Limbitless Solutions, the University of Central Florida student group that creates 3-D printed bionic arms for children and donates them to families at no cost, today became more closely affiliated with the university.
The UCF Board of Trustees voted unanimously to make Limbitless Solutions the university’s newest direct support organization, meaning it will be a nonprofit entity formally affiliated with the university. Although Limbitless has used UCF lab space and worked closely with some faculty members, the group previously has operated as an independent nonprofit group.
“Limbitless Solutions exemplifies the impact we want our students to have – use their intellectual curiosity and the knowledge they gain here to innovate solutions to the world’s greatest challenges,” said Provost and Executive Vice President Dale Whittaker. “This talented group of thinkers and makers isn’t just helping children by giving them arms. They’re also inspiring them to dream big. That’s part of our DNA at UCF.”
Limbitless Solutions founder Albert Manero said the more formal affiliation will help his group maximize its impact by leveraging the size and excellence of the university to enhance access to disability technology and continuously improve STEM education.
“The Board of Trustees’ vote shows UCF’s commitment to giving students a tangible way to use innovation to help children who need it most,” Manero said. “It also shows UCF’s commitment to be on the forefront of assistive technology.”
UCF recently launched a prosthetic interface cluster that aims to bring together experts from across campus to focus on developing intelligent prosthetics that enhance human capabilities. The cluster will use biomechanics and biomaterials, cellular and tissue engineering, bio-nano-technology, control systems, human-computer interaction controls to develop the next generation of smart prosthetics.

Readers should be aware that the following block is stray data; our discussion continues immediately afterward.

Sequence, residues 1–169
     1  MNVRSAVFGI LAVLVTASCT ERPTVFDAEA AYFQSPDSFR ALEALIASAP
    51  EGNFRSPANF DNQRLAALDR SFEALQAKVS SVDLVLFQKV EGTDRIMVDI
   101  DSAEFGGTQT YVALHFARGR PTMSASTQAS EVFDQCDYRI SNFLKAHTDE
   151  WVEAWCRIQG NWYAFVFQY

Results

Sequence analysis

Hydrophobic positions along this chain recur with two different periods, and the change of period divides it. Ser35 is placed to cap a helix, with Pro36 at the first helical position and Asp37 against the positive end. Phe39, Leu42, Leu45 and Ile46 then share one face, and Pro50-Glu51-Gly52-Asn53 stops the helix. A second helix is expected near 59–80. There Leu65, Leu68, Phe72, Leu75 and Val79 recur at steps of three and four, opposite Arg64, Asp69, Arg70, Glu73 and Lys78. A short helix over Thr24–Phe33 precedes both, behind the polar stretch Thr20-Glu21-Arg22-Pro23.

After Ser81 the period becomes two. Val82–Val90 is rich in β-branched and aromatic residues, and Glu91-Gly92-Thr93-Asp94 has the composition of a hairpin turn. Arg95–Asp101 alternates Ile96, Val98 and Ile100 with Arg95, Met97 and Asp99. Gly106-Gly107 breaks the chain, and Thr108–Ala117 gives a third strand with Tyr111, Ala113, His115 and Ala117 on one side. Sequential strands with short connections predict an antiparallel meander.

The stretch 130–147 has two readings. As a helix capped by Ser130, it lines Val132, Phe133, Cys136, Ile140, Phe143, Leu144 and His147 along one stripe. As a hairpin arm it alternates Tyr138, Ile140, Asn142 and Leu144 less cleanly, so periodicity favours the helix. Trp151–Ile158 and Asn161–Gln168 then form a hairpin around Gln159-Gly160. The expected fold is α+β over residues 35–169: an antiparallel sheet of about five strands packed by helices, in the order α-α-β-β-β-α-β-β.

“We are eager to add our experience to the cluster, working with internal and industry partners to enhance designs and continue to change lives,” Manero said. “Our team is committed to improving access to disability technology infused with creativity.”
Manero founded the nonprofit in 2014 after he and a few of his friends spent eight weeks creating a 3-D printed bionic arm for then-six-year-old Alex Pring of Groveland. Since then, the group of students has grown to more than 100.
Working as a team, members design and deliver the bionic arms during their free time, often juggling school work, jobs, internships and family. They have delivered themed bionic arms to 20 children around the world, including four in Florida. Robert Downey Jr., the actor who portrays Iron Man, helped the team deliver an upgraded Iron Man-themed bionic arm to Pring in 2015, which caught international attention, including a video with more than 50 million views on social media, a story on CNN International and even getting a mention on the Tonight Show. The ABC and NBC evening news shows also have featured the team’s efforts.
Manero, who will earn his Ph.D. in mechanical engineering on Saturday, Dec. 17, will become the DSO’s president. A board, which includes members of the community, will oversee operations.
Other student members of Limbitless are also graduating this semester and are excited for their next career steps. Many have pledged to help continue supporting the organization’s work. Each semester Limbitless picks up dozens of new members, from engineering to fine arts.
“We are dedicated to building a generation of innovators who use their skills and passion to improve the world around them,” Manero said.